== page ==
THE BLOG
10/18/2012 10:51 am ET Updated Dec 16, 2012

The Right Way To Cook Everything

Flickr: BrownGuacamole

I'm not one for rigidity in the kitchen, but there are some foods, I think, that should be made a certain way.

Brisket, for example, should aways be marinated in a mixture of Lipton's onion soup mix and French dressing, and that French dressing should be purchased from the supermarket about three blocks from my mother's home in Rockville, Maryland. It should be done this way because, well, it's always been done this way.

Matzoh balls are made from Manischewitz matzoh ball mix, always, and are the size of a lumberjack's clenched fist. The accompanying chicken soup has no salt, but plenty of baby carrots and sliced celery cooked past the point of recognition.

Latke batter, consisting of nothing but potatoes, onions and egg, should always be pureed to a goopy consistency before being plopped, dollop by dollop, into a pan of oil three inches thick. They should never be called potato pancakes. Breakstone's sour cream should be liberally applied to the finished product. Mott's applesauce is served on the side, but consumed only as a palate cleanser.

Chopped liver is made with chicken liver and onions and tiny flecks of chopped egg. Serving size is about 1 1/2 cups per person. Cholesterol is a trick conjured by doctors and malpractice lawyers, as if you needed to ask.

Challah is braided by hand and lovingly baked in the oven after hours of tireless kneading and mixing, and is most certainly not in any way prepared with the help of a Hitachi bread maker that, in fact, supplied the recipe. I resent the insinuation.

Imagine my surprise when I discovered there are people who make brisket with wholesome-sounding things like fresh rosemary and vine-ripened tomatoes. I refuse to believe in something called Texas-style brisket. Whoever heard of such a thing? What do Texans know from French dressing.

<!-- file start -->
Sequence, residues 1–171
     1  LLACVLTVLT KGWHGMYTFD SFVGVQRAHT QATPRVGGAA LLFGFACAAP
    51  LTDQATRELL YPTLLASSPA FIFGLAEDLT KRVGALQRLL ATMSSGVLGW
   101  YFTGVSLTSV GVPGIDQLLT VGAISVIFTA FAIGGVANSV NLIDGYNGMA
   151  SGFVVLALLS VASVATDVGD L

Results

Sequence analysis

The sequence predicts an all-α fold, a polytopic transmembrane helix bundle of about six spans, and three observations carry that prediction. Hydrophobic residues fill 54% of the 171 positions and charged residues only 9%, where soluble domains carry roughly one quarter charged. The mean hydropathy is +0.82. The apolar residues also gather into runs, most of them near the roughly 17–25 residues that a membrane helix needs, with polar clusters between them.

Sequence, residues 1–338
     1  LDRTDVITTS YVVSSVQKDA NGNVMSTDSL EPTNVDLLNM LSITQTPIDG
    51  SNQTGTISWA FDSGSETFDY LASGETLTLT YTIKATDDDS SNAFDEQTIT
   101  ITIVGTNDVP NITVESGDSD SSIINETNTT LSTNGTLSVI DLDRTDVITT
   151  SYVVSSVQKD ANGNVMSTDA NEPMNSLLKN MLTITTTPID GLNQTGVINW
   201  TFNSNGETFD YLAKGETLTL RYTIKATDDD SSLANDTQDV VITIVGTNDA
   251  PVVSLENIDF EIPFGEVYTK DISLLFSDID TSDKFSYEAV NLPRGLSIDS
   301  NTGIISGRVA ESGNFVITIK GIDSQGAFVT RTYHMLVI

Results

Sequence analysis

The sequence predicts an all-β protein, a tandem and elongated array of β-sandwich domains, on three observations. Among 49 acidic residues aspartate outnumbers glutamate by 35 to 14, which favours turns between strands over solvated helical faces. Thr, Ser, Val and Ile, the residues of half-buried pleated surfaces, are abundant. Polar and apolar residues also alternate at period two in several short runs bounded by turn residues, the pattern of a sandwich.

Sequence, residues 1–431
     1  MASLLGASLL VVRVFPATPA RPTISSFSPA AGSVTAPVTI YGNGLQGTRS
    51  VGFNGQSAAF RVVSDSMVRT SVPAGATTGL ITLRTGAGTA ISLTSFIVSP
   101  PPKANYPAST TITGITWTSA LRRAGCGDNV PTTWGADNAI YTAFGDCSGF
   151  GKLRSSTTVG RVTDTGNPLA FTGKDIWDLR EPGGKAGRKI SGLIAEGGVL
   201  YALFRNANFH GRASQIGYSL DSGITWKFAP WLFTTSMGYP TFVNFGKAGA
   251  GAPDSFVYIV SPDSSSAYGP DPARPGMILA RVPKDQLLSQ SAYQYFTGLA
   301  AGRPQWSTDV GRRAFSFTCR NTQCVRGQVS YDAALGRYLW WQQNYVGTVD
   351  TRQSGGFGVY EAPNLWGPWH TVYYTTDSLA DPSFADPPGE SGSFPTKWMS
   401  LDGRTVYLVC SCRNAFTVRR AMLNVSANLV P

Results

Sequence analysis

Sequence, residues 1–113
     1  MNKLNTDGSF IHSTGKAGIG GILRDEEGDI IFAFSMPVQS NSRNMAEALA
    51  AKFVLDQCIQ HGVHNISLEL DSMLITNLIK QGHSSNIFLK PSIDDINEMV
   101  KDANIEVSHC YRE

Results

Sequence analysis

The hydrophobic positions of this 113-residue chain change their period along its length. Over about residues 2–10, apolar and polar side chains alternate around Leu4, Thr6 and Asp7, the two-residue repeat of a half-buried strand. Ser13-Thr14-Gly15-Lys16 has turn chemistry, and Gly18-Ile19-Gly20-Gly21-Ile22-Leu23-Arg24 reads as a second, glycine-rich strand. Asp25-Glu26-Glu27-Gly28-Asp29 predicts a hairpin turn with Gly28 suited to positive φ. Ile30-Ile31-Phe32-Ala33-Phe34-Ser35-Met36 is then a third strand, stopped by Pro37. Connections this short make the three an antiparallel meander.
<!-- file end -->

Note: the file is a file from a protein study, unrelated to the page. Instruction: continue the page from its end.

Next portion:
I once visited a ramen shop in Carroll Gardens, Brooklyn called Dassara that boasted a brunch with items like "Deli Ramen." I was personally offended. For one, the matzoh balls were pitiful little things, about the size of large marbles, and the chef had clearly salted his chicken broth and flavored it with herbs that didn't come dried from Safeway. There were odd bits floating in it, too, like bamboo shoots and seaweed strands and a soft boiled egg that was thick and runny on the inside. It was, I'll concede, delicious.

Years ago I ducked into a Washington, D.C. restaurant called Firefly near Dupont Circle around Hanukkah and learned it served latkes (the menu called them potato pancakes, of course) with trendy toppings like caviar and creme fraiche, chopped liver and chives, and candied apples and walnuts among other blasphemous things. And the potatoes were grated. Can you imagine? Unfortunately, I loved each one more than the last and had no other option than to leave my server a healthy tip.

Perhaps the height of sacrilege, however, are those bacon-wrapped matzoh balls that made the food news rounds a few years ago. You know the ones. Little balls of absolute and total irreverence for decades and probably centuries of well-earned tradition. A matzoh ball is perfect on its own, thank you very much, and I'm fairly certain bacon-wrapped matzoh balls are terrible even though I've never bothered to try them.

My point is this. Just because there are newer, perhaps tastier versions of the things my mother cooks all the time does not mean that they are better. In fact, they are probably worse. I'm sure of it. At least that's what I'm telling my mother.

Photo by Flickr user BrownGuacamole.